An even better example of what a truly ‘dominant conference’ is would be the NFC of the late 80′s and early 90′s. Not only did they win thirteen straight championships, they were often by scores you see from college teams that play some cupcake in the early weeks of September before their conference schedule begins: 55-10, 52-17, 46-10, etc. In 1991 the Buffalo Bills won only one fewer game than the Washington Redskins, but were pounded 37-24. In inter-conference games that year the NFC won 33 games while the AFC won just 19. In addition the NFC had eight ten-win teams that season; by comparison the AFC had only four ten-win clubs, and just five teams with winning records. The NFC was indeed the ‘clearly dominant‘ conference that year, even before the Super Bowl was played.
So how does that compare to the current ‘clearly dominant’ NFC? In 2011 the NFC won 33 inter-conference games compared to 31 by the AFC: one game away from a perfect 50/50 split. The AFC won more inter-conference games in each of the three previous years, and 2007 was even. Over the five-year span the AFC has won 17 more games; that doesn’t exactly help support the theory that the NFC is ‘clearly dominant‘ for either just 2011 or over the last five years.
If instead you want to focus on only the top teams, then there may perhaps be an argument there appears to be a shift – but not enough to call the NFC ‘clearly dominant‘. In 2011 the top four NFC teams won a combined four more games than the top four AFC teams, going 51-13 to 47-17. Expand that to the top six teams and it was only a five-win difference, 70-26 to 65-31. Even aided by Green Bay’s 15-1 season that’s not exactly much of a delta. If you look at the top four teams over the five-year period the AFC has won seven more games. When you look at the top six teams in that time frame the AFC has won ten more games. I would say that those records would indicate that the two conferences are even, but you certainly can’t say that the conference that won fewer games in both cases is ‘clearly dominant‘.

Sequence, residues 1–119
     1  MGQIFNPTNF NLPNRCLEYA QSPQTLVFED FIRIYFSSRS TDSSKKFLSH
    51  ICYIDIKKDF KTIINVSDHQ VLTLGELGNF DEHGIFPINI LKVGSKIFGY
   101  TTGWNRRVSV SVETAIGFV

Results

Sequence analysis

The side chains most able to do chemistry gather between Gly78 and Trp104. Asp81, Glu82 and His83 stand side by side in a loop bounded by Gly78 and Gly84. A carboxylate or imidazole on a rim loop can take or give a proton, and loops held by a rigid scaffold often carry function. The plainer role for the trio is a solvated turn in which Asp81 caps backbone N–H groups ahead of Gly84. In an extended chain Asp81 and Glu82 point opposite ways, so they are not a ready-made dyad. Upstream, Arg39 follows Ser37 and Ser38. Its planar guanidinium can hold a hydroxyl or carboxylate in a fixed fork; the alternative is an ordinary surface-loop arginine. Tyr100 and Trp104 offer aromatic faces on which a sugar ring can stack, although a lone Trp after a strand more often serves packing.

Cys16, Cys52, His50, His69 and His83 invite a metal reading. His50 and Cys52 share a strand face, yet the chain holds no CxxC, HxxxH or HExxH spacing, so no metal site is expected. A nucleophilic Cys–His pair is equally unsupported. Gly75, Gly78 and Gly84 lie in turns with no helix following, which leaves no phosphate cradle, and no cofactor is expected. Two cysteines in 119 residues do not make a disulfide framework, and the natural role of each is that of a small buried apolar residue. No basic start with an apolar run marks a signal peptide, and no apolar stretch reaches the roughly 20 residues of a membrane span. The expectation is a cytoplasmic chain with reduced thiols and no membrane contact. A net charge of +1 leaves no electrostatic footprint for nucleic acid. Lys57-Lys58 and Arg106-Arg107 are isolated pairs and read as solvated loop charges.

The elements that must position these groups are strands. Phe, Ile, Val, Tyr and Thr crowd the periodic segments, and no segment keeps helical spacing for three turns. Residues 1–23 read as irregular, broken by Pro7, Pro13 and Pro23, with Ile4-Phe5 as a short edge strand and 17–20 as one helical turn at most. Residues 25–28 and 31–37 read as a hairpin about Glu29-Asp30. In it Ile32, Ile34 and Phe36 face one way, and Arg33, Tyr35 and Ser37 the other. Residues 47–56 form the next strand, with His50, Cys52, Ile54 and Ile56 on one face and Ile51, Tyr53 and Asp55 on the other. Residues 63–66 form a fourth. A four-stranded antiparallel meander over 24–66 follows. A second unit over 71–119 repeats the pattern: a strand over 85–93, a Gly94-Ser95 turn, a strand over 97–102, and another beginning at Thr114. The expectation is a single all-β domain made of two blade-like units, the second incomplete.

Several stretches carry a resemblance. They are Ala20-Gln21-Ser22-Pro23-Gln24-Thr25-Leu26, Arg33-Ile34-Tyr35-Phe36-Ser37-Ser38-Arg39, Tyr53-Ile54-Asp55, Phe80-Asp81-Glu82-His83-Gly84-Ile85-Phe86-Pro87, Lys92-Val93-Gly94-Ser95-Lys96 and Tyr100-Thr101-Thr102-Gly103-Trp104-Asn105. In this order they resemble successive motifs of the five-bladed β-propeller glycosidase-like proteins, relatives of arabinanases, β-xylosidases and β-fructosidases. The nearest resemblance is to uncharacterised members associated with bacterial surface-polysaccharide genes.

“But wait, since 2001 only four different AFC teams have been to the Super Bowl while ten different teams have been to Super Bowl during that time!” And how exactly does that correlate to one conference being better than the other? That’s right, it doesn’t at all. If anything using that statistic works against the NFC, when you consider the current state of the Rams, Bucs, Panthers, Seahawks and Cardinals.